What a fabulous group of clayers -Cindys Fan club………..ta dah !!!!!

  31. Just popped in here to say thanks to a few peeps for their nice comment on my ramblings.

    Tantesherry……….Glad you like my word pictures (makes you use your imagination) and yep I would make a useless tutor as forgot the (poking around inside with a pointy piece of wire bit)
    Thanks so much for adding this vital information. I expect you are quite an expert by now……

    Lesley Symonds……..bet you would come up with stunning eggciting necklaces and the way the end- caps balance out the design the Queeds (My name for quail egg beads) can either be strung horizontally or vertically, use just one as focal or five as feature necklace Go for it……………

    Pattw35……….Glad I can make somebody smile or even LOL at times. I do have a wacky sense of humour and my daughter is even worse, hers’s is wicked!!!…….

    Dixie Ann,….. go back to bed! Cannot truthfully answer till more experimentation. Will buy huge fresh goose egg at farm shop. Make an omlette ,then think I will turn it into a fairy house.

    (The goose egg you silly goose) Covered in Cindy’s wood veneer, cut a little hinged fairy door might put Cindy flowers around and make a quirky chimmney to top it off , add a mini bird house (learnt from you know who)……………..mmm Cindy tulips…… Cindy mini roses………
    So……………………..Thanks to you CINDY……..The possibilities are endless…….Cheers xx

  32. Hi Elaine
    Found your commend on making eggs covered with polymerclay start to copy the direction but the. Lost it …I got up to the end were you bake it again for one hour but did. It get the temperature?

    Also, not sure I understand what you did with filwvre metal ends…. Could go explain it for me … Thatnks for all your help… My neighbor wants a few but I need to practice… Just hope I have enough time to make them before Passover .Easter is thstSudnay so I ha e to do my cleaning and work on the eggs at the same time what size eggs do you recommend…I usually have w tea large eggs in the house. … Is that too big to start with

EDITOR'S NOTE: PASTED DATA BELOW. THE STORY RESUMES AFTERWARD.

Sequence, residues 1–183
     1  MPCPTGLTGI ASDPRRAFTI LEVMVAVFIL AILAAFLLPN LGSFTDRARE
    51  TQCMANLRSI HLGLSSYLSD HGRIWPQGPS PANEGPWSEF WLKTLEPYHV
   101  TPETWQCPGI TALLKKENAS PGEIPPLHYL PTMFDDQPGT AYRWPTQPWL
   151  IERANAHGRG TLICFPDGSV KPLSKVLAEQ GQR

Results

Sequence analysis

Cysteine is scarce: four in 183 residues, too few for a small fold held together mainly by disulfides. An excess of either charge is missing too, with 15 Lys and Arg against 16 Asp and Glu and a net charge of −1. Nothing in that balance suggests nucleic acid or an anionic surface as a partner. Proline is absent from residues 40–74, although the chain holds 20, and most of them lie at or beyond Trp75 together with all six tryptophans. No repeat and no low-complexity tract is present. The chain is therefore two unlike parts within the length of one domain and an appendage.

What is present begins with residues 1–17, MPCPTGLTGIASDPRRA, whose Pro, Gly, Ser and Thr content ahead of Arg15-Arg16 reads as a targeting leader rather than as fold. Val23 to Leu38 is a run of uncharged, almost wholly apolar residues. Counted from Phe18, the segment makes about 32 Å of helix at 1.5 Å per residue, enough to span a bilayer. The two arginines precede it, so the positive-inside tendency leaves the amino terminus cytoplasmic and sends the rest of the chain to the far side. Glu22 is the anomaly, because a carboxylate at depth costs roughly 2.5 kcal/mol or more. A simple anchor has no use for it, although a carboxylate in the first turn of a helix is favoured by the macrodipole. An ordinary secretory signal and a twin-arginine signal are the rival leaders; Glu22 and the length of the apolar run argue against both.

It does feel great working with clay after 10 weeks with out my supplies.
    Natalie aka safti

    • Hi Natalie,

      I used quail eggs because they make great sized beads and were free!! They are easier for me to handle.( I drop so many things as have no grip and use many “aids” to help me in my craft work.)

      Filligree metal end caps neaten the ends of beads and give a good contrast. You can also make your own from polymerclay. Cut two little discs of PC and attach to baked egg, one either end, using a little liquid PC. Then just roll a bead, cut it in half and stick to either end over the discs using a little more liquid clay, then continue to bake as usual. Make sure you use a bead pin or piece of strong wire to poke right through the egg and bake it suspended on this. I had run out of cornstarch so used baby talc to smooth the surface of the raw clay and they came out just fine……Hope this helps.. Yet to buy my goose egg to make for Easter, only a few days to find one at farm shop ……………………………..cheers xx

  33. I love stripes and patterns made with stripes. Here’s something to try for colorway stripes that Cindy showed me way back when she first squirted that clay extruder. You could use the regular process, taking colors as they come like the pointillism cane, or you can make those lovely instant extruded mini flowers using the adapter technique.

    One you lay out a good size round or square product, you can use your blade to shave layers from the strip. The best stripe patterns in the world emerge while you do this!!

    You can thicken the stripe by rolling it fatter, you can use the stripes strings themselves as the pattern, or you can use a smaller hole to get skinnier stripes. Once you have the arrangement the way you want it, then pick up with Cindy’s combing technique. The stripes vary in a lovely way as they extrude, and if use metallics there is a ghosting effect that occurs when you press the grooves (I use my knitting needle). Adding an occasional translucent circle in the metallic mix with some black ones in an odd pattern makes for greater depth when you bake the work.